"26 Abbey Place, N. W."

"My dear Sir: I have been much interested in M. Pictrement's ‘Mémoire.’ His work ‘Les Origines des Chevaux domestiques’ is well known to me, but I
had paid no particular attention to his incidental mention of the 34-ribbed Aryan horse.
"M. Pictrement's essay raises three questions. The first, Does the passage of Dirghatamas's hymn cited necessarily imply that the horse known to him had only thirty-four ribs? The second, Does the passage from Sayana imply that he asserted of his own knowledge that the horses of his time (in 1400 a. d.) had only thirty-four ribs? The third, Are there any zoölogical arguments in favor of or against the existence of a breed of 34-ribbed horses?
"1. Your Latin version of the solitary Vedic passage upon which M. Pictrement relies, admits the reading, ‘The axe cuts through [the] thirty-four ribs of the quick horse,’ etc.
"I speak ignorantly, but suppose I am right in assuming that there is no more ‘the’ in the Sanskrit than in the Latin. Nevertheless, it is upon the presence of this definite article that the question turns. For, without it, the passage may simply mean that the axe cuts through thirty-four ribs out of the thirty-six with which the horse is provided. What makes me think that this may be the proper signification of the passage is the inquiry I put to myself, For what purpose did the sacrificing priest want to cut through the horse's ribs? Surely, in order to disembowel him. But, in order to do this, no one would go through the great trouble and labor of chopping through the bony parts of the ribs of a horse. Moreover, such a proceeding would be incompatible with the objection to mangling the horse's bones, which is strongly displayed elsewhere in the Vedic hymn.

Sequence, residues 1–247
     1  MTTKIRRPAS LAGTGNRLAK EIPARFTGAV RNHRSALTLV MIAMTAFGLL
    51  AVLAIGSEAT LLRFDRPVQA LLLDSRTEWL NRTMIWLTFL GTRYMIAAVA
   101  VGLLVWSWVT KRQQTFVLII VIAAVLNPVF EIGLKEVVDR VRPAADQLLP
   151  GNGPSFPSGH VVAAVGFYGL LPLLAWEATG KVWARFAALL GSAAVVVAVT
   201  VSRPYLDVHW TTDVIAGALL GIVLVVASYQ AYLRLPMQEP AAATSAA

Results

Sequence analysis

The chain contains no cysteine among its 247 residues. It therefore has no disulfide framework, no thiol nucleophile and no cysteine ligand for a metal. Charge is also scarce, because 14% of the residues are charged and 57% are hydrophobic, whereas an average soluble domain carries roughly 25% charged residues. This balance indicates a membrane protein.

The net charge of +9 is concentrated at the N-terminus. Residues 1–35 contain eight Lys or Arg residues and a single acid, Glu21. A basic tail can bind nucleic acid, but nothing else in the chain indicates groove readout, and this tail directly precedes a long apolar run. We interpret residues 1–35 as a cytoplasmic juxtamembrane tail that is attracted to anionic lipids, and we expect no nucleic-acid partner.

"But every bony rib ends below in a gristly substance, and it is quite easy to cut these ‘costal cartilages,’ and then, turning them back, along with the breastbone, the cavity of the chest is laid widely open, and the priest readily reaches the heart or the like.
"But, if every rib ends in a cartilage, there must be thirty-six cartilages, and not thirty-four?
"True, but the last pair of ribs is much shorter than the others. It is not needful that all the thirty-six pairs of costal cartilages should be cut through in order to lay the chest thoroughly open; and for sacrificial purposes it may have been inconvenient to cut through more than the thirty-four ribs which lie in front of it.
"If you are laying open a man's chest for a post-mortem examination, you go to work exactly as I am supposing the Aryan priest to do. You cut through the rib cartilages on each side and take them away, along with the breast-bone to which they are attached. But, in doing this, you leave at least the last two ribs on each side untouched, because they are free, so that it is not needful to cut them.
"If I were a poet, and made a hymn about a post-mortem examination, I might speak of the operator's scalpel ‘cutting through the twenty ribs,’ without meaning to imply that the man of the period is devoid of his full complement.
"2. Does Sayana say that the horses of his time had only thirty-four ribs? The passage quoted by you does not seem to me to bear that interpretation at all.